In late November Sasha Stone and HE’s own Svetlana Cvetko told me they really liked Miss Sloane, largely because it delivered a tough, brassy female-power fantasy that suckered them in — Jessica Chastain as a D.C. lobbyist with menacing dialogue, a superior chess-playing mind, balls of steel and a killer wardrobe. And so I allowed myself to think this might turn into something — women rallying around a James Bondian superbitch — a take-no-prisoners samurai who does end-runs around opponents and leaves welts on men’s asses.
I actually didn’t think Miss Sloane was good enough to be a hit. I knew it was “very plotty, very Aaron Sorkin-esque, very Newsroomy,” as I wrote in my 11.13 review. I knew that it lacked oxygen, that it wasn’t emotionally engaging, that everything Chastain said and did in the film was cutting, slashy, ruthless, icy. And I knew it was “basically a two-hour pilot for a Showtime series about a ruthless but effective superwoman lobbyist who always aces her enemies.”
But maybe, I imagined, this is what the XX-ers might want to see. After all, Sasha and Svetlana liked it, and to me they are windows into the minds and souls of smart, creative, go-getter urbans on the other side of the aisle.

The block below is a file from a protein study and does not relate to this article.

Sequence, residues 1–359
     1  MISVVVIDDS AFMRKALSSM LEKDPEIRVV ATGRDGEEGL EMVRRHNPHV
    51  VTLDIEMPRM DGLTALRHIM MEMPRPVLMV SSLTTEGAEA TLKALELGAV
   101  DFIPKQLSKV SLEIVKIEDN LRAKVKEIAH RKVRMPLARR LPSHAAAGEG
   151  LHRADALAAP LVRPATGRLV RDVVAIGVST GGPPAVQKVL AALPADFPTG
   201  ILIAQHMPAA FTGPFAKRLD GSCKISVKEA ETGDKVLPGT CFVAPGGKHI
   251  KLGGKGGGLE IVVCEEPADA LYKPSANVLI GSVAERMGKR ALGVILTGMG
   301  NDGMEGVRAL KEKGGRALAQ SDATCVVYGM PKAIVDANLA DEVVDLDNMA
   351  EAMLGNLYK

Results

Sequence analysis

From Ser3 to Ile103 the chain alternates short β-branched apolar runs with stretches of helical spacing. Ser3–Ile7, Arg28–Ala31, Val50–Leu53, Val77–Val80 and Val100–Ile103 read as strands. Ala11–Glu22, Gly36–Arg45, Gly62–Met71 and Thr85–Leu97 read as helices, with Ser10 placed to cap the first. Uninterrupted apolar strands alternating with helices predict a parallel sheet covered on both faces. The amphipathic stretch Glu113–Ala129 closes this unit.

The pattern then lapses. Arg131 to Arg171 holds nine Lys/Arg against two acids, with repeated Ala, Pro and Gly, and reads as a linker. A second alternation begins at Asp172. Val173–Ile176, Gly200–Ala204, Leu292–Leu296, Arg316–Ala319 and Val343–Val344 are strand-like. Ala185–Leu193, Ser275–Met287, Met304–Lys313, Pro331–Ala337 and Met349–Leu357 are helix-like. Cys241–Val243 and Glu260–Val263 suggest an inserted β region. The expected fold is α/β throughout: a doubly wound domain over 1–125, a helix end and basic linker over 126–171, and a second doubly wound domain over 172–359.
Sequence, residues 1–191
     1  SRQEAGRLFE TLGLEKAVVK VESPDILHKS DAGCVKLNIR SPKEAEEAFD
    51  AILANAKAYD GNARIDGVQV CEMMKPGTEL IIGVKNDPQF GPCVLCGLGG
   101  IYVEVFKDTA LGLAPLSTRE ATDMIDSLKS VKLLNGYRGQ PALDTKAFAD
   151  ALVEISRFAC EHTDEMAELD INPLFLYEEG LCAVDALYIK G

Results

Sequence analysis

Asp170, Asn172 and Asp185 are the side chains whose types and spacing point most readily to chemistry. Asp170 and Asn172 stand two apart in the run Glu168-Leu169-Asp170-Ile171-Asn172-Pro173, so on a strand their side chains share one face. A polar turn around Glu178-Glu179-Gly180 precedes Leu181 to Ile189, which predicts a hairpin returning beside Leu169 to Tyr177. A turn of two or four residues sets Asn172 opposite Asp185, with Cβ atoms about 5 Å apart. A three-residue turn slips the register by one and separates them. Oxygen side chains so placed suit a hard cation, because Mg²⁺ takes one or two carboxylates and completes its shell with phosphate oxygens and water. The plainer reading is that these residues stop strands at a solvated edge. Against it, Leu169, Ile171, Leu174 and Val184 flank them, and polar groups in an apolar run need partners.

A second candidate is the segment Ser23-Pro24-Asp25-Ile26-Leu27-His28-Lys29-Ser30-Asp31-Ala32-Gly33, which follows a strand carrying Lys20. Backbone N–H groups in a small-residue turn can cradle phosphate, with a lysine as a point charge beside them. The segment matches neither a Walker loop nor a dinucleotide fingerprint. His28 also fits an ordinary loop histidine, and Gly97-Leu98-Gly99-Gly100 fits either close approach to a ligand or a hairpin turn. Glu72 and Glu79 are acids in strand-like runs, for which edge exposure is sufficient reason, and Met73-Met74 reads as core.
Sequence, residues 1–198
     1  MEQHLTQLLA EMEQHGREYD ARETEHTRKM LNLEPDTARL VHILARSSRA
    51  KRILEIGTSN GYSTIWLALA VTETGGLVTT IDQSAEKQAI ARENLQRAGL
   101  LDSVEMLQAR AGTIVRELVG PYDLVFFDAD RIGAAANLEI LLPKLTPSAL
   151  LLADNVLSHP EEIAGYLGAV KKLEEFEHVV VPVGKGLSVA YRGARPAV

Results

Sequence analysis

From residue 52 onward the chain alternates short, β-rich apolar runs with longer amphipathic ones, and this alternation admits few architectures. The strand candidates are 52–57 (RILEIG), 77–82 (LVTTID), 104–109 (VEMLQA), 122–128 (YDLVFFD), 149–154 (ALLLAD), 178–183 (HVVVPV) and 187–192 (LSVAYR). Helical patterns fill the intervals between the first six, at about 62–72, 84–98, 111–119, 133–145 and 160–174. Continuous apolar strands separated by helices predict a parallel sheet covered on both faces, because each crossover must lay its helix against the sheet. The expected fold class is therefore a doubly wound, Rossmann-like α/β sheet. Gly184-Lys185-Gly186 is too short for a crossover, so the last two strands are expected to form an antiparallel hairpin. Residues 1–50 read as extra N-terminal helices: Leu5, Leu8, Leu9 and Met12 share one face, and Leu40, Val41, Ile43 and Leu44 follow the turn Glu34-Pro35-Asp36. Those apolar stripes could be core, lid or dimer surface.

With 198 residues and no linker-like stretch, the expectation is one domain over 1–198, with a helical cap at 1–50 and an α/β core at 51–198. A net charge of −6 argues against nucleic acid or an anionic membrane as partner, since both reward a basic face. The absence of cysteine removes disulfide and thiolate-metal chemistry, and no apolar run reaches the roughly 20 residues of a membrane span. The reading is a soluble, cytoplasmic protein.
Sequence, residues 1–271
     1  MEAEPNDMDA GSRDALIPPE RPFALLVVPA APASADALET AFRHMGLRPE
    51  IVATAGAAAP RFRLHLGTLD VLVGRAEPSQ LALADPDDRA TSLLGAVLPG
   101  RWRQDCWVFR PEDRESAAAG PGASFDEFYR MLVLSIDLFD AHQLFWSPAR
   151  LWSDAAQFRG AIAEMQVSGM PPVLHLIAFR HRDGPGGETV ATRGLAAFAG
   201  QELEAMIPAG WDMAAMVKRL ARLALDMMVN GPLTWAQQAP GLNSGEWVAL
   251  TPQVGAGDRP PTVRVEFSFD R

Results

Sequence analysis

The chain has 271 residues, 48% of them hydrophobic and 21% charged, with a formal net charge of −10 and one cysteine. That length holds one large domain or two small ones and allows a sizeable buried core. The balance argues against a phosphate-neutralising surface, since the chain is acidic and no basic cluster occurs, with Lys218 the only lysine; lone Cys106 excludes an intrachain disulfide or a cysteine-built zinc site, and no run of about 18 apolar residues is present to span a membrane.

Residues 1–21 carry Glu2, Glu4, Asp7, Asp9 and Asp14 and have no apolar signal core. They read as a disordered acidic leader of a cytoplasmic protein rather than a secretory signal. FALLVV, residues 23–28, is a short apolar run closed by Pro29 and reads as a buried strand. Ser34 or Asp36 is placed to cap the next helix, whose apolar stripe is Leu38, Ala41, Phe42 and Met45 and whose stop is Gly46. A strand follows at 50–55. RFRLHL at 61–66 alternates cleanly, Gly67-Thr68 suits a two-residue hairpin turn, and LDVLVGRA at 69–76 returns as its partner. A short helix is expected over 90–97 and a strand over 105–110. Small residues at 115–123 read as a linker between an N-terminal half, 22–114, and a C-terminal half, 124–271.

Alas, Miss Sloane has flopped. At the finish of its third weekend and having played in a maximum of 1648 theatres upon opening wide last weekend (12.9), the EuropaCorp release has earned a lousy $2,869,636 domestic and $3.2 million worldwide. Finished. No current. A dead flounder on the beach.
Last weekend Toronto Globe & Mail critic Kate Taylor wrote the following: “As played by Jessica Chastain with an icy blast so chilling you half expect her supporting cast to turn up wearing fur, ace lobbyist Elizabeth Sloane is superior, sarcastic and unfeeling.
“In [this] political thriller written by newcomer Jonathan Perera and directed by veteran John Madden, the effect is so overwrought it’s almost laughable. Elizabeth Sloane is not merely more ruthless than any man in Washington, she is also scrubbed of any obvious humanity; she knows no morals nor humor and finds her own appetites inconvenient. She spends her days spying on her rivals, besting her colleagues and barking at her juniors before shovelling down dinner in a Chinese dive and mounting a male escort in a swank hotel.”
Why the film wasn’t called Ms. Sloane is beyond me. The title sounded patronizing from the get-go.